By Josette Keelor
The retelling of "The Nutcracker" long has been a Christmas tradition for many theatergoers each year, and Susan Muterspaugh, artistic director of The Rockingham Ballet Theatre, anticipates another large turnout this year at the group's third year in a row performing at The Schultz Theatre in New Market.
"We've actually been doing 'The Nutcracker' for almost 20 years at Bridgewater College," Muterspaugh said. "It's really the only ballet that you're going to find in Shenandoah County in terms of full length classical story ballets."
But this year will be different.
For the first time in the Rockingham Ballet Theatre's history, the Christmas ballet will include a full-length Sugar Plum Grand Pas de Deux, with teenage dancers Jessica Grant as the Sugar Plum Fairy and Daniel Ranck the Cavalier.
Previously, Muterspaugh said, the theater would include only the Sugar Plum Fairy in that portion of the famed two-act ballet that made its premier on Dec. 18, 1892 with the music of composer Pyotr Tchaikovsky.
"We're really fortunate to have two advanced dancers that are capable of doing this choreography," Muterspaugh said, "because it's very challenging."
Grant, 19, has spent several summers training with Richmond Ballet, Muterspaugh said. Ranck, 17, studied with the American Ballet Theatre's satellite program at the North Carolina School for the Arts, the director said.
Both are residents of Augusta County and plan for careers in dance.
"If you have this kind of role in 'The Nutcracker,'" Muterspaugh said, "you've been dancing for most of your life." -- Grant since she was 3 and Ranck since he was 8, she said.
"'The Nutcracker' is a production that's younger dancer friendly," she added, "but the main roles are danced by accomplished teenage dancers."
The ballet also includes eight adult roles.
Madison Garber, 10, of New Market, has performed with the ballet for last few years, in New Market and Bridgewater, Muterspaugh said. This year Madison will perform as Spun Sugar -- the 19th century's version of cotton candy, said Muterspaugh.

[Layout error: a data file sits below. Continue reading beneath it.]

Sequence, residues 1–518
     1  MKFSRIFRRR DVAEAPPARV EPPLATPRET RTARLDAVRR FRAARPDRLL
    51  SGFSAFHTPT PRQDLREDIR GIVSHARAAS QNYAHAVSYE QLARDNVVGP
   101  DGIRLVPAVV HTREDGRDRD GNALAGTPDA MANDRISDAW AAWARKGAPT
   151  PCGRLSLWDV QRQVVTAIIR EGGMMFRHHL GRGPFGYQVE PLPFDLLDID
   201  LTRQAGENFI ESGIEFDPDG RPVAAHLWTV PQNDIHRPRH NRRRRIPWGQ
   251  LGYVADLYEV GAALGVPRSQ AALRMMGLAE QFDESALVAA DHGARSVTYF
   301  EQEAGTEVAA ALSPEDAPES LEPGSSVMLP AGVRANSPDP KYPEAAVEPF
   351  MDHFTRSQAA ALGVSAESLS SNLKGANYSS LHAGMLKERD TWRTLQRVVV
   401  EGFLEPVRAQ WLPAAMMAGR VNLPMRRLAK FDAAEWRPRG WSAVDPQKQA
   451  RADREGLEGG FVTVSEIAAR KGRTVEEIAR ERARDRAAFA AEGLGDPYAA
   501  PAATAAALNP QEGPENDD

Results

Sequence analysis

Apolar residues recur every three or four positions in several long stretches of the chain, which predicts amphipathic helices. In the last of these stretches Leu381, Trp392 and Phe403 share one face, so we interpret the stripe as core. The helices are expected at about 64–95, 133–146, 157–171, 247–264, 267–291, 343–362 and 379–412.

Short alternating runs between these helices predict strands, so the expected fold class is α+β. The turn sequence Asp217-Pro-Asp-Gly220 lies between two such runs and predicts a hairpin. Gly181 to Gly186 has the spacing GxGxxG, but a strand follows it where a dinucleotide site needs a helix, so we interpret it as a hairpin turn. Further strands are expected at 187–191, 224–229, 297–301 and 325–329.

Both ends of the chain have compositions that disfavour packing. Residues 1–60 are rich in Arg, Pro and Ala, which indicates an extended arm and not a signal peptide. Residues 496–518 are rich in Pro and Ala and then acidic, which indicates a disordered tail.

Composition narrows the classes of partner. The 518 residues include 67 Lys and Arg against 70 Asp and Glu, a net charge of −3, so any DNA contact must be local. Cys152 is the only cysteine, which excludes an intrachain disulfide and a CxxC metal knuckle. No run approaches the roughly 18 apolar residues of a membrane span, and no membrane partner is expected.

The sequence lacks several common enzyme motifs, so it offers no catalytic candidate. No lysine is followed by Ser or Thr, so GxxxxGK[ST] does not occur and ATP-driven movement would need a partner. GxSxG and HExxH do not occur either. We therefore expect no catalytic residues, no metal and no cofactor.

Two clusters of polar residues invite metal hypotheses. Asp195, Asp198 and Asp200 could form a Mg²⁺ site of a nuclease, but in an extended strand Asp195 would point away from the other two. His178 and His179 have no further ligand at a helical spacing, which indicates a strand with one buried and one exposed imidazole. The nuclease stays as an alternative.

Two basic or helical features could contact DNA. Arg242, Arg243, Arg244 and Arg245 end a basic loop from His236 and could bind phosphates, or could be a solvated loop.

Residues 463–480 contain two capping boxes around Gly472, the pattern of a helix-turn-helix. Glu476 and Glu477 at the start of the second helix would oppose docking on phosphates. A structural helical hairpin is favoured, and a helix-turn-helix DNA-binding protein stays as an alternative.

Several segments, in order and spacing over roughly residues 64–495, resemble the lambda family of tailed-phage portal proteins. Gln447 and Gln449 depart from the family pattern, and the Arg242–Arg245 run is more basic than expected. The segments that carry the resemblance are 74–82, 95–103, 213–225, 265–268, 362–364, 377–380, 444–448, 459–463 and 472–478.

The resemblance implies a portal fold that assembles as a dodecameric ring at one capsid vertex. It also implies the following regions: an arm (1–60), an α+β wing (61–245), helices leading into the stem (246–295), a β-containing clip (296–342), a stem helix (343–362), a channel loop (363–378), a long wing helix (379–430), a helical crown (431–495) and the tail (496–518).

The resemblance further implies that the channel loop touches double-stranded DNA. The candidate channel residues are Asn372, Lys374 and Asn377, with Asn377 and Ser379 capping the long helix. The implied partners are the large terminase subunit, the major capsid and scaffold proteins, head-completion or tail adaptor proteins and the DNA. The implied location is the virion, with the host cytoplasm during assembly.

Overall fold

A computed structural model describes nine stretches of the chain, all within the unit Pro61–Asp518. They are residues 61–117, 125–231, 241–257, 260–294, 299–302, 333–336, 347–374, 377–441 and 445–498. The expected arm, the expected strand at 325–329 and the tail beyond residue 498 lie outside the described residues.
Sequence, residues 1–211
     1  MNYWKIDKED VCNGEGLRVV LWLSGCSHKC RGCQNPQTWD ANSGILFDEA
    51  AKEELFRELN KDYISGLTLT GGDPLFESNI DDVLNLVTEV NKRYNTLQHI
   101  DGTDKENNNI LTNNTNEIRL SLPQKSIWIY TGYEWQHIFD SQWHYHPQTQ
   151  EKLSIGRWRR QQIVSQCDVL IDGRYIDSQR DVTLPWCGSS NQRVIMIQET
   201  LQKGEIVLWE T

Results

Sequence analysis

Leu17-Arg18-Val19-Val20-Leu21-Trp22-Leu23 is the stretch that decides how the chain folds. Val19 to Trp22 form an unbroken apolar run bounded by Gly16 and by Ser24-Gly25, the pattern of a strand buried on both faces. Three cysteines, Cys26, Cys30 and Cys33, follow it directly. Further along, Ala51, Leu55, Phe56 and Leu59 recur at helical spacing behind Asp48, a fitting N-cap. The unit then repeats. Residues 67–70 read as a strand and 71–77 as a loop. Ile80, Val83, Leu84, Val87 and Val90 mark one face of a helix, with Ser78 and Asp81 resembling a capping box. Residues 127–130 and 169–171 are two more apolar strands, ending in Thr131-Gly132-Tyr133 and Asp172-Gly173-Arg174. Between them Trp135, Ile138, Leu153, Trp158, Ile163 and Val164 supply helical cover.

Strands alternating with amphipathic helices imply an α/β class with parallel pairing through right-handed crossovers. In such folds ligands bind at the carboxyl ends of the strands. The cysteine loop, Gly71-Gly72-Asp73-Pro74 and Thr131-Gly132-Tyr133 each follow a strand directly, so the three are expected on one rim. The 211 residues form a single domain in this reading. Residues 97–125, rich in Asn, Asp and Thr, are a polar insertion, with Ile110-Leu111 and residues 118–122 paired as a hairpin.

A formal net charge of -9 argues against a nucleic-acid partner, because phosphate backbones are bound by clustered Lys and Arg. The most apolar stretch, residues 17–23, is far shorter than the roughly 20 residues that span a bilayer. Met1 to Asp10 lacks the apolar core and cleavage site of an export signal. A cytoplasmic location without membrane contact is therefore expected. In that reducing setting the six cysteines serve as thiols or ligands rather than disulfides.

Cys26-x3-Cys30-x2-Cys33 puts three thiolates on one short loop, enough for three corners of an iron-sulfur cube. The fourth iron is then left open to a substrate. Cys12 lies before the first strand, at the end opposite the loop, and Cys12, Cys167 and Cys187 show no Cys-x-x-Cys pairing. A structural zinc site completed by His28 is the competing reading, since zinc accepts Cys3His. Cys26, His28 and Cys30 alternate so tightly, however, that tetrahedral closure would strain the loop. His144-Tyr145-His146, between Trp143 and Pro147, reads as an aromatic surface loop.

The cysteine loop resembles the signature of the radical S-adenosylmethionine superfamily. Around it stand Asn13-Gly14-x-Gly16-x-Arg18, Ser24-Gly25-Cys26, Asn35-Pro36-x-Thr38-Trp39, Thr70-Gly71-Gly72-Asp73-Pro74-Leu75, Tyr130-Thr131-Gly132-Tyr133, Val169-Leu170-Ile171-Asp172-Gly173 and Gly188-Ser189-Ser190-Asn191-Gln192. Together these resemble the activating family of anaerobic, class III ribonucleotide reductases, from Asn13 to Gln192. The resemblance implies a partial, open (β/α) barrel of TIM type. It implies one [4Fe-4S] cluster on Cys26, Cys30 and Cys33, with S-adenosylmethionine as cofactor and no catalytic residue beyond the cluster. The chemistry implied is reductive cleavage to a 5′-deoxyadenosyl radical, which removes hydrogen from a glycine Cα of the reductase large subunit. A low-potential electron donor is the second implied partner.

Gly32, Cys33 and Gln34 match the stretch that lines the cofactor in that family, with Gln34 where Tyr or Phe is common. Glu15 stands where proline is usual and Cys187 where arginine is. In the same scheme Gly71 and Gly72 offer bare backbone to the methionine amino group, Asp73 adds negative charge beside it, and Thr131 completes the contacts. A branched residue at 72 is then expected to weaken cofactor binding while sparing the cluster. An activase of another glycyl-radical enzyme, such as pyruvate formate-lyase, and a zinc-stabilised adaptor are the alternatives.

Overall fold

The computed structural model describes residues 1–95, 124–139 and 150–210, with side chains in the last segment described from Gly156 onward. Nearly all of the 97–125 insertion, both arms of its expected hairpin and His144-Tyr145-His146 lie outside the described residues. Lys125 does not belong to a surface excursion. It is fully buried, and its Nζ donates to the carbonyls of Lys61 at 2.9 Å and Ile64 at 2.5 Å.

The story of a girl named Clara who, after receiving a wooden nutcracker for Christmas, finds herself in a dream world filled with mice, personified holiday sweets and a life sized dancing version of her Christmas nutcracker, the ballet's enduring popularity has lasted for more than 50 years around the United States.
"I think that the music for one thing really appeals to people," Muterspaugh said.
"What we have heard from people who come back year after year, they feel as if the holiday season hasn't started until they've seen 'The Nutcracker.'"
Coralie Keplinger shares the role of Clara with Ranck's sister, Moriel, and their brother Noah Ranck and Grant's brother Matthew share the role of the Nutcracker prince.
Every role in the ballet is double cast, except for the Sugar Plum Fairy and Cavalier, Muterspaugh said.
"It's a sweet story," she said. "It's a story that a lot of children can relate to, but adults really love it too."
"I think that for anyone who hasn't seen 'The Nutcracker,' and doesn't know much about ballet, they will be very taken by it if they come to see it."
"The Nutcracker" will take place Dec. 7 to 9 at The Schultz Theatre, at 9357 N. Congress St., New Market. Performances will be at 7:30 p.m. Friday and Saturday, and at 3 p.m. Sunday. Tickets will be $12 for adults, $10 for children in advance, or $2 more at the door. For more information, call 740-9119 or visit www.schultztheatre.com.
Contact Community Engagement Editor Josette Keelor at 540-465-5137, ext. 176, or email@example.com